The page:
Legislative requirements to ensure privacy and secrecy of these data have been followed. In accordance with the Census and Statistics Act 1905, results have been confidentialised to ensure they are not likely to enable identification of a particular person or organisation. All personal information is handled in accordance with the Australian Privacy Principles contained in the Privacy Act 1988.

All personal income tax statistics were analysed in de-identified form with no home address or date of birth included in LEED input files. Addresses were coded to the Australian Statistical Geography Standard and date of birth was converted to an age at 30 June of the reference year prior to data provision.

To minimise the risk of identifying individuals in aggregate statistics, perturbation has been applied. Perturbation involves small random adjustment of the statistics and is considered the most satisfactory technique for avoiding the release of identifiable statistics, while maximising the range of information that can be released. These adjustments have a negligible impact on the underlying pattern of the statistics. Some cells have also been suppressed due to low counts.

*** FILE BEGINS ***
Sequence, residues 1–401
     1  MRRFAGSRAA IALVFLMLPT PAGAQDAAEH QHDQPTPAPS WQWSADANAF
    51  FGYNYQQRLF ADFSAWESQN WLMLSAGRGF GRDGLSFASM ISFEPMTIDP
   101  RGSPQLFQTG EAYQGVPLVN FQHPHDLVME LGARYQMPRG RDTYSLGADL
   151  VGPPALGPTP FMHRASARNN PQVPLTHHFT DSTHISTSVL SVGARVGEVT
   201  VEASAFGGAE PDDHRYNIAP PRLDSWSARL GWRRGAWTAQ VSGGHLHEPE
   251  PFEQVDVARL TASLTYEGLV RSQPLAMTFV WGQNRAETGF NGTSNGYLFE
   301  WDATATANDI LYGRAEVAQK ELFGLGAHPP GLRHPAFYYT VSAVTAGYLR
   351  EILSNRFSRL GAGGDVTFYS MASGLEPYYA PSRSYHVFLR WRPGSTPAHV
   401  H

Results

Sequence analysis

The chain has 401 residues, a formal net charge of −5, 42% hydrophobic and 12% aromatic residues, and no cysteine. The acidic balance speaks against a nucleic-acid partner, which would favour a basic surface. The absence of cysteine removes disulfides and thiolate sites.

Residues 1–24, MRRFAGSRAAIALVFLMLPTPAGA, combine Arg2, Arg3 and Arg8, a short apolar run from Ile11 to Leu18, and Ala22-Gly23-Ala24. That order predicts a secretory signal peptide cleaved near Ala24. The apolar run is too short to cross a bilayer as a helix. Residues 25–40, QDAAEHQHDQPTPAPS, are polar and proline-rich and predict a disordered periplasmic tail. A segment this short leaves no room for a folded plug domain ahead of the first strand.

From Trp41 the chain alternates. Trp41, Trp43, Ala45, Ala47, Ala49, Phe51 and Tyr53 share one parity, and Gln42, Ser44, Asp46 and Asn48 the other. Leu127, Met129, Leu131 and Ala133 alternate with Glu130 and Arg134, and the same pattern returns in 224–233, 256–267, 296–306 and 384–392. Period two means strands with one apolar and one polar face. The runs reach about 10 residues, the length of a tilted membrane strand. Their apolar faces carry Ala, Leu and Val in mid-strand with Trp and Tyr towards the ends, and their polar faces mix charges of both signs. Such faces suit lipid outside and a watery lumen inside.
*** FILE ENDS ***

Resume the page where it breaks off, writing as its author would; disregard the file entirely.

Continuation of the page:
How data are released

The LEED has two releases, Jobs in Australia and Personal Income in Australia.  Both have detailed tables in data downloadable format.  LEED data are also available in the TableBuilder format in Microdata: Jobs in Australia. The TableBuilder product contains a broad range of data items covered in both Jobs in Australia and Personal Income in Australia. It is a rich source of information for data users interested in making customised analysis tables.

The Jobs in Australia release provides aggregate data for Australia, states and territories, and over 2,200 regions, as classified in the Australian Statistical Geography Standard (ASGS), including at the Statstical Area 4 (SA4), Statistical Area 3 (SA3), Statistical Area 2 (SA2), Local Government Area (LGA) and Greater Capital City Statistical Area (GCCSA) levels. It covers a wide variety of estimates including number of jobs, number of employed persons, median employment income per job, number of OMUEs etc. The estimates are also presented by person, job, or employer characteristics such as age, sex, occupation, industry, employment size, etc. 

The current release includes data for the five financial years between 2014-15 and 2018-19, while information for earlier years back to 2011-12 can be found in previous releases.

Data limitations

Jobs in Australia is subject to the following sources of error: